I have to calculate the required torque to rotate a point mass of 15N on the end of an 1.2m long arm which I have calculated to be 10kg in mass. The rotation must have a constant angular velocity of 50rad/s. I am just wondering how to calculate the required torque at the joint. I am also wondering how to deal with the inertia and acceleration of the point mass and the rotating arm which relates to torque required. Any help with calculations for this problem would be greatly appreciated.


1 Answer 1


First let's consider the peak torque required, important for sizing the motor.

The peak torque will be max when the arm is horizontal, rising. It will be the sum of torques due to the point mass plus that of the arm itself.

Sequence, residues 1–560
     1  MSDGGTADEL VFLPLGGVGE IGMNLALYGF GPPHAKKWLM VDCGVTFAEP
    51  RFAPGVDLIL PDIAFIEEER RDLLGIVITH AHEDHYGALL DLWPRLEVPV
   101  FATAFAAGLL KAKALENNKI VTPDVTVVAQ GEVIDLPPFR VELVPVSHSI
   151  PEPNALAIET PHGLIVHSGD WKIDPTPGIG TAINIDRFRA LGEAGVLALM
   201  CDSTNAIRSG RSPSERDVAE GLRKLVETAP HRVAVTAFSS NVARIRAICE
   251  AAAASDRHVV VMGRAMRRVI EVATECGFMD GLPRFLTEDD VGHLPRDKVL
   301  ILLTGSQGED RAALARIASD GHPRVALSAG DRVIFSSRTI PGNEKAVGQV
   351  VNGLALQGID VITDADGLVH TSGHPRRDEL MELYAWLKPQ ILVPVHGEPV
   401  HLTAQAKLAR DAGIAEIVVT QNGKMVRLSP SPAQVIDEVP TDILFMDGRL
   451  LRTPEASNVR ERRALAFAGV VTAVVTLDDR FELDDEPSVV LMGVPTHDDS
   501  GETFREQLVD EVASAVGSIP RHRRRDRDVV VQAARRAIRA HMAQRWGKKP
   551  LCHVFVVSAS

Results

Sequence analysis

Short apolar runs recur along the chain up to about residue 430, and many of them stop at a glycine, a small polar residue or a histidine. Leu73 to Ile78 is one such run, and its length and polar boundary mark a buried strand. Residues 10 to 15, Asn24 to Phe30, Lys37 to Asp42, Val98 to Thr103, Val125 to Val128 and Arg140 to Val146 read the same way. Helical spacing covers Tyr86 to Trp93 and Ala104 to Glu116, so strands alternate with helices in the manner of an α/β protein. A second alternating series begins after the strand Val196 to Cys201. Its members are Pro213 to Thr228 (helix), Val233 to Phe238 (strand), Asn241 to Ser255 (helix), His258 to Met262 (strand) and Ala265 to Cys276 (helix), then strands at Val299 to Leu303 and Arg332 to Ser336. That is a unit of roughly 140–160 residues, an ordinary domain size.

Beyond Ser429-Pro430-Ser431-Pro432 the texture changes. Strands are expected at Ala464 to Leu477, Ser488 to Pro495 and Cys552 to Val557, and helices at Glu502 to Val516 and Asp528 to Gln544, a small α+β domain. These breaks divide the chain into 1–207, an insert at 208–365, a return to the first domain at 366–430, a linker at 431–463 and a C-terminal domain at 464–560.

Your point mass applies a torque of 15N * 1.2m = ____ N-m.

If the arm's mass is 10kg, its weight is ____ N.

You can model the arm as a point mass at the center of mass.

If it is uniform, the center of mass is at the center of the arm, 0.6 m.

The arm applies a torque of [arm weight] N * 0.6 m = _____N-m.

As long as the actuator can apply torque greater than that, the machine will (eventually) accelerate to the required angular velocity.

Now let's move on to the instantaneous torque, as a function of time, in order to maintain a constant angular velocity.

Let theta be the angle the arm makes with the up-vertical (clock hands at midnight). The moment arm for each of the above torques is proportional to sin theta. So the instantaneous torque will be a sinusoid. Note that half the time the actuator is lifting the weight and the other half it is holding back the weight to keep it from falling freely. This is consistent with sin theta being negative half the time.


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